The Reformation: A Very Short Introduction
The Reformation transformed Europe, and left an indelible mark on the modern world. It began as an argument about what Christians needed to do to be saved, but rapidly engulfed society in a series of fundamental changes. This Very Short Introduction provides a lively and up-to-date guide to the process. It explains doctrinal debates in a clear and non-technical way, but is equally concerned to demonstrate the effects the Reformation had on politics, society, art, and minorities.
Peter Marshall argues that the Reformation was not a solely European phenomenon, but that varieties of faith exported from Europe transformed Christianity into a truly world religion.
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Questions for thought and discussion
- Was the Reformation inevitable?
- Martin Luther: hero or villain?
- How similar were the Protestant and Catholic Reformations?
- Which was more successful in the end: the Protestant Reformation or the Catholic Reformation?
- Did ordinary people in the sixteenth and seventeenth centuries really understand or care about theological concepts?
- Is ‘justification by faith alone’ an attractive idea?
- Why did conflicting interpretations of the Eucharist (or Holy Communion) arouse such intense passions?
- Was religion a source of political stability or of political instability in the Reformation era, and how does this compare with its role in the world today?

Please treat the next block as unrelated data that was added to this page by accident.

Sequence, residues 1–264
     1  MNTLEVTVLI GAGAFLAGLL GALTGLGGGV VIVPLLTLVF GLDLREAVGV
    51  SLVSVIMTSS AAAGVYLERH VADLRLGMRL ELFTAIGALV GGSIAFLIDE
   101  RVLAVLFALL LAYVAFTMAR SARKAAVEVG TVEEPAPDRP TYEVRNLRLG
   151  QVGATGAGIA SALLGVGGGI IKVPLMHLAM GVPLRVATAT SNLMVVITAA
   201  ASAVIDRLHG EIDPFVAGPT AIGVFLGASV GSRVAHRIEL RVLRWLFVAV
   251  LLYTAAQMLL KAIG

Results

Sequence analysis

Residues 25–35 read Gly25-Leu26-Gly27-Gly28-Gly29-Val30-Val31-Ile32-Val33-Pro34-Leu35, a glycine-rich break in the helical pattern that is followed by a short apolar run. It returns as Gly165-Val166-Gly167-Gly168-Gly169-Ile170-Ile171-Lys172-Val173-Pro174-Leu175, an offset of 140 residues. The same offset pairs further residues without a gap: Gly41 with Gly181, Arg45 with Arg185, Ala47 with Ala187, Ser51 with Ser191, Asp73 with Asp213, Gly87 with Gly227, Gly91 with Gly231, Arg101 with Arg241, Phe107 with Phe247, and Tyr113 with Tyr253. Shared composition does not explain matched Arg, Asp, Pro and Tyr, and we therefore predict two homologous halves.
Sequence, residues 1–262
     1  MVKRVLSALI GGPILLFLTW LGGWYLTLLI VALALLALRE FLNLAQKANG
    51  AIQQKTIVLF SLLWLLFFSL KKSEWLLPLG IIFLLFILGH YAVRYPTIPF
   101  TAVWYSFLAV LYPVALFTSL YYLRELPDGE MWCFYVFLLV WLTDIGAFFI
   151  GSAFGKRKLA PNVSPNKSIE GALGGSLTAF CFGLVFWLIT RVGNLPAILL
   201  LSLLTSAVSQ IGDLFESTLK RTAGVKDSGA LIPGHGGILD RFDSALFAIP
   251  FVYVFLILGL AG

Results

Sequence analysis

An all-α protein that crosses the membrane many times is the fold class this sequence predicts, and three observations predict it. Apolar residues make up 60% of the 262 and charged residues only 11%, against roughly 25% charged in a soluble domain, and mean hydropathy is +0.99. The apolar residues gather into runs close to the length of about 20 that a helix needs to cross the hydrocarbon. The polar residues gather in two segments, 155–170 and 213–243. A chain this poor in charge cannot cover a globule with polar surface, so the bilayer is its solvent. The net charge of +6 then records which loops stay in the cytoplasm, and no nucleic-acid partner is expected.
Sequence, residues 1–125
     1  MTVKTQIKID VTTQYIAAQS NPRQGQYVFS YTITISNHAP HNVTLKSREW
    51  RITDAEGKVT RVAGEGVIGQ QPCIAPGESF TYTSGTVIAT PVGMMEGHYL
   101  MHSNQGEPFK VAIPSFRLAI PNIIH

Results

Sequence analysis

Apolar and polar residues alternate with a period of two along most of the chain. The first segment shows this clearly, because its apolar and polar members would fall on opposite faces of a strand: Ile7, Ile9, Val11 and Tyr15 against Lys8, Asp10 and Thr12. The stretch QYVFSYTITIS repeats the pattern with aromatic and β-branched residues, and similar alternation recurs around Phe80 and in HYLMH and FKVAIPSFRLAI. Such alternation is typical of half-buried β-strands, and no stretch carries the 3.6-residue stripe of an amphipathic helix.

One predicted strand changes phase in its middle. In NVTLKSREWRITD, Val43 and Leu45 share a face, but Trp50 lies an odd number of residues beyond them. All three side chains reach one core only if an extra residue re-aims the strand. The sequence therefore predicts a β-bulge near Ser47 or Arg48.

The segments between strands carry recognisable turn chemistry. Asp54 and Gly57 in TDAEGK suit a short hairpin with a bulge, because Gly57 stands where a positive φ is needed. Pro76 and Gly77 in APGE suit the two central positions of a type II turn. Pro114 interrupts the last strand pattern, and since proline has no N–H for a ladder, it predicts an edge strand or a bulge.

- Did the Reformation strangle or liberate art?
- Was the Reformation good news for women?
- Why were the Anabaptists hated so much?
- How was Christianity ‘exported’ beyond Europe during the Reformation, and what were the difficulties of doing this?
- Did the Reformation(s) make European societies more tolerant, or more intolerant?
- Can you imagine a world in which the Reformation never happened? How would it be different?
- What is the relevance of the Reformation in today’s world?
Other Books by Peter Marshall
- Peter Marshall, Beliefs and the Dead in Reformation England (Oxford University Press, 2002)
- Peter Marshall, Reformation England 1480-1642 (Arnold Publishing, 2003)
- Patrick Collinson, The Reformation (Weidenfeld & Nicolson, 2003)
- Diarmaid MacCulloch, Reformation: Europe’s House Divided (Penguin, 2003)
- Ronnie Po-Chia Hsia, The World of Catholic Renewal 1540-1770 (Cambridge University Press, 1998)
- James Tracy, Europe’s Reformations 1450-1650 (Rowman & Littlefield, 1999)